Wild Cretan Mandrake Root (Mandragora Officinarum)
Mandrake or Cretan Wild root or Satan’s apple - as it is popularly known - is a native of Southern Europe, but cultivated around the world. It was used in the ancient world mostly for its soporific and anodyne properties.
It is well recognized for its analgesic, anesthetic, soporific, emetic, purgative, and anodyne properties. As a medicinal plant, it was used to treat fertility, scrofulous tumor, rheumatic pain, convulsion, and melancholy. It is also known to be effective in treating depression, convulsion, and melancholic moods.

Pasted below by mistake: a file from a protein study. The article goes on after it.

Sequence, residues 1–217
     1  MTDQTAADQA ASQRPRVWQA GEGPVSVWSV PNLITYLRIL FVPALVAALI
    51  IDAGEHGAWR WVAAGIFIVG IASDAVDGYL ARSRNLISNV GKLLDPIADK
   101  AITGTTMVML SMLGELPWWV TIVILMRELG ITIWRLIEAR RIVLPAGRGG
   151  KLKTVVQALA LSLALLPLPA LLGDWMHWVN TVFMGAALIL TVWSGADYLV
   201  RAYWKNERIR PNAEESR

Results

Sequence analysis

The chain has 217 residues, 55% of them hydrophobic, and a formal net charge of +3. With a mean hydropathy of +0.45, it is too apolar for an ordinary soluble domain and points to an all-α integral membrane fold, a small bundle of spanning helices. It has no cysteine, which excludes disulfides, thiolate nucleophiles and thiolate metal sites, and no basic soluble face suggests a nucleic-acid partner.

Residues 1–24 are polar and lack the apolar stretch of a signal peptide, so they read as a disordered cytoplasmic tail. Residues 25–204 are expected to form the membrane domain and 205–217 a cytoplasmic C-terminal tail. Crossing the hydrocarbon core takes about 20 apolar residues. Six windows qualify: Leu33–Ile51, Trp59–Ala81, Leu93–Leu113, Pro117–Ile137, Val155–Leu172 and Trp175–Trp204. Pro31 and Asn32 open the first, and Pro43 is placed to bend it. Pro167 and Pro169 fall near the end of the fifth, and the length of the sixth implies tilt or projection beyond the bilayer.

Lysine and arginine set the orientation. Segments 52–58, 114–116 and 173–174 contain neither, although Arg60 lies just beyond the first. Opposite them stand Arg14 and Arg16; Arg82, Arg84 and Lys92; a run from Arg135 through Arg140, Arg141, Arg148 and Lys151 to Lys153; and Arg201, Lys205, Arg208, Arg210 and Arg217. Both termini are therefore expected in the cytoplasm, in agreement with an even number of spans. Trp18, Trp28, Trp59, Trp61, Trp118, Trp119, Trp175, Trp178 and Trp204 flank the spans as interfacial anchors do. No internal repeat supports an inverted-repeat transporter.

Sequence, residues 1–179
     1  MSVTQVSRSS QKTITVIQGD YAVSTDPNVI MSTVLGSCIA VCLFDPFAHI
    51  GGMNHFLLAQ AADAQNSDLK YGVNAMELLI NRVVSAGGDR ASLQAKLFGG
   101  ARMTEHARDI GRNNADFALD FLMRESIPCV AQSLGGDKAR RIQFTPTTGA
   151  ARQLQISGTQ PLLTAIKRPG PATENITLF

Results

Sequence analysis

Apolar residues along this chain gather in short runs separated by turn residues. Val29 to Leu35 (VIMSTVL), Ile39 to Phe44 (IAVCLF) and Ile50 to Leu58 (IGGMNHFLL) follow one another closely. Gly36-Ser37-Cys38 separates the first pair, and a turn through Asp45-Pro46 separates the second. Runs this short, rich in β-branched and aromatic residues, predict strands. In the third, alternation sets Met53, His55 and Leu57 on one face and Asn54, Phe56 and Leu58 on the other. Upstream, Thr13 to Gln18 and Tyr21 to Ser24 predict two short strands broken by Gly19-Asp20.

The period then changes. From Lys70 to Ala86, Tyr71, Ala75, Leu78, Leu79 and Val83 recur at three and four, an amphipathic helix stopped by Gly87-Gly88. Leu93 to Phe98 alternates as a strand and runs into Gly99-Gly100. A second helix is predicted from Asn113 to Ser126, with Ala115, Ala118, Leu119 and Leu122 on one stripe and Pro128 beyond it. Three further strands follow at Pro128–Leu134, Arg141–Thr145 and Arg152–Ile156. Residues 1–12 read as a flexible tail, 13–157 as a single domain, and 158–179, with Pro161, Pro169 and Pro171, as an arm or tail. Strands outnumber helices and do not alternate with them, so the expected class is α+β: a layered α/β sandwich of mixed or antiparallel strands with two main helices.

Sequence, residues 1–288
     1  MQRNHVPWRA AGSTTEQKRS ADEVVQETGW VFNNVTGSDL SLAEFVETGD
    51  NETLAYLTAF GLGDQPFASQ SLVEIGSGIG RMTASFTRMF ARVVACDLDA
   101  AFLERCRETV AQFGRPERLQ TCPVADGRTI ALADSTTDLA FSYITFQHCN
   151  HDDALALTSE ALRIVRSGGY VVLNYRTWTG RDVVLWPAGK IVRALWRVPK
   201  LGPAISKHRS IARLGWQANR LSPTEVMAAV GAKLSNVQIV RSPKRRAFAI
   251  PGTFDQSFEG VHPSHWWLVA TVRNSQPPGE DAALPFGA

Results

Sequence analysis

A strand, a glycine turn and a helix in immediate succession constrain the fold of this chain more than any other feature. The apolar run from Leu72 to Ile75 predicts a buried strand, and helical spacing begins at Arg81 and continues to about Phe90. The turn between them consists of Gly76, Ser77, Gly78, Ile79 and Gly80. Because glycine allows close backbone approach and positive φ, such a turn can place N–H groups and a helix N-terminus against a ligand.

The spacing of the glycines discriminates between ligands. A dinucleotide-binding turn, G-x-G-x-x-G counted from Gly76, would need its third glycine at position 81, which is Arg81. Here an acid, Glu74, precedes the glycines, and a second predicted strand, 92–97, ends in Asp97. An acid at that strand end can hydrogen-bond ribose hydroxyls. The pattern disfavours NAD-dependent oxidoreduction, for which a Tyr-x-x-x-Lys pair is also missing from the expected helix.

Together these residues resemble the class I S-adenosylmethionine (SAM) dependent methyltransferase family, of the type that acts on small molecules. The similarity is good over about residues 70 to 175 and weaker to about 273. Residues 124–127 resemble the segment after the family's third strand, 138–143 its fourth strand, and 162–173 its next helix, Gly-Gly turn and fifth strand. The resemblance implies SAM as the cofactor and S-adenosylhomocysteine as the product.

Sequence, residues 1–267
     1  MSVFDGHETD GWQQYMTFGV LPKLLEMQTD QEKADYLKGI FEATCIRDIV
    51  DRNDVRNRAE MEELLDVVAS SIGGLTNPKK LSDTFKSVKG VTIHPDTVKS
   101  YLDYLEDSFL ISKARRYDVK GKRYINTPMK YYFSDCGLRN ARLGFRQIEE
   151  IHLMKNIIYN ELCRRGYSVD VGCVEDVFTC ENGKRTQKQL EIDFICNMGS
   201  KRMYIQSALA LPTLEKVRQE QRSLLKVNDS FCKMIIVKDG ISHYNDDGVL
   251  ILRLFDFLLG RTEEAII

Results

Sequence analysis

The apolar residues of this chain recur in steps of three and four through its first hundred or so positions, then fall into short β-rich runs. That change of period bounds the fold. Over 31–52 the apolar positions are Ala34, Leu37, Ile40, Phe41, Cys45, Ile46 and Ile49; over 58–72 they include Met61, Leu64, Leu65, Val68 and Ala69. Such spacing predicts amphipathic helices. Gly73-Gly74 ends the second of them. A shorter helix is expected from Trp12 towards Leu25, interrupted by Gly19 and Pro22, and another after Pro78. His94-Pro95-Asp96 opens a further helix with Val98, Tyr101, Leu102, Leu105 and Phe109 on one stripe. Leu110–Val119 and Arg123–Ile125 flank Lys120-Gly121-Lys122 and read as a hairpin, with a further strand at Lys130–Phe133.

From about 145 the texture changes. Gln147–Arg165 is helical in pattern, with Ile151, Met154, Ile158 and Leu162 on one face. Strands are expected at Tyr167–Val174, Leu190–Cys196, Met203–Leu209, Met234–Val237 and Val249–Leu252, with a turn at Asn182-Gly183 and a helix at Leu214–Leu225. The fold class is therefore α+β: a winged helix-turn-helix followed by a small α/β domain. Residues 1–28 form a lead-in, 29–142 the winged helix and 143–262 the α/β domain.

Mandrake, if taken in larger doses can cause delirium and madness. Moderated correctly it is an excellent analgesic, sedative, and anesthetic. Ingested boiled in milk, it is believed it can cure ulcers.
In ancient times, it was believed that Mandrake root had the ability to protect against demonic possession. This stems from the belief that demons hate the smell of this herb, and neither can bear to see it.
The reference to this medicinal root as “the Satan’s apple” is because the plant’s root does resemble a human being and that overall is quite freaky. If given in certain quantities this root can induce blackout, forgetfulness, and disorientation.